Kathryn A. Finney, Doctor of Humane Letters
Kathryn A. Finney — visionary entrepreneur, tireless advocate for women in technology, passionate disruptor and creator — you use your voice to amplify the voices of others, to empower black and Latina women entrepreneurs who can lead us all into a world of new possibilities.
When you started your blog, Budget Fashionista, in 2003, many people didn’t even know what a blog was, but you built it into a lifestyle brand and media company. It was then, when you went to move forward with your next venture, that you encountered the obstacles that would inform the next chapter of your life.
You joined an incubator for tech startups and experienced firsthand the prejudices that many in the industry held against women and minorities. You were told point blank that no one had ever heard of a venture capitalist writing a check to a black woman before.
But you refused to be invisible. In 2013 you founded Digitalundivided, a social enterprise that finds, supports and trains black and Latina women tech entrepreneurs. You have created the primary pipeline bringing black and Latina women into innovation-focused entrepreneurship in the United States.
“Often as women,” you said, “we’re told to make ourselves small. That the fear of failure is somehow better than the joy of success.” But you give entrepreneurs the courage, the tools and the funding to step into the ring.
You have raised more than 25 million dollars of investments in their companies, and helped create the Harriet Fund and Harriet Angels to provide primary investment to exceptional black and Latina women entrepreneurs. Because of your work, now there are investors who write checks to black women.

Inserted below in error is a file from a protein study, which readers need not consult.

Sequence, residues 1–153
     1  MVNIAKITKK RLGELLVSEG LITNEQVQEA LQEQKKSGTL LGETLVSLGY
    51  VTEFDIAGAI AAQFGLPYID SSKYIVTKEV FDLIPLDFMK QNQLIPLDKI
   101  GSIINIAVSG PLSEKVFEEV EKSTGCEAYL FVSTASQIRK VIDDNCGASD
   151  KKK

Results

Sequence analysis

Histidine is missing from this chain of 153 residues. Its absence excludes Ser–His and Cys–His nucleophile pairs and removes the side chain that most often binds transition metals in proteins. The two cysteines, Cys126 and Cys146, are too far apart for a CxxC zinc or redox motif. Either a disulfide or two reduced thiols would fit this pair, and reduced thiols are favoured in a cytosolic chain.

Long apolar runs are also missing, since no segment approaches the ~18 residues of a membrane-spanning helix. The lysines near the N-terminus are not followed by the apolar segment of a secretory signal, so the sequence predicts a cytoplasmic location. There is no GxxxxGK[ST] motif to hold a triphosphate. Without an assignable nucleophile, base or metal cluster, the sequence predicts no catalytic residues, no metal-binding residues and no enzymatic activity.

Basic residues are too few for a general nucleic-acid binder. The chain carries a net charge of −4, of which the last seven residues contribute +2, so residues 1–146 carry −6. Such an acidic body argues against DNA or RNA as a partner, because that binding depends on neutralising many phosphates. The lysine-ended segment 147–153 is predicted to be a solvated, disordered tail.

As a research scientist, you took the lead and produced #ProjectDiane, a report which quantified the position of black women in the tech industry and reframed the conversation around diversity in the industry. Diversity does have a primary role in innovation after all, as you have emphasized, “You can’t have innovation without diversity, because people who occupy multiple identities have amazing ideas that you haven’t thought of before.”
Your work has attracted attention from hundreds of media outlets and won numerous honors, including a Champion of Change Award from the White House. Last year you launched an innovation center in Atlanta, Georgia, quite fittingly named BIG. Your accelerator and incubator programs are leading high-potential companies founded by women of color through the startup pipeline.
For your enduring commitment to empowering black and Latina women entrepreneurs, for your passionate advocacy for diversity as the germ of innovation, and for shining your light as a beacon to others, Mount Holyoke College is proud to bestow upon you the degree of Doctor of Humane Letters, honoris causa.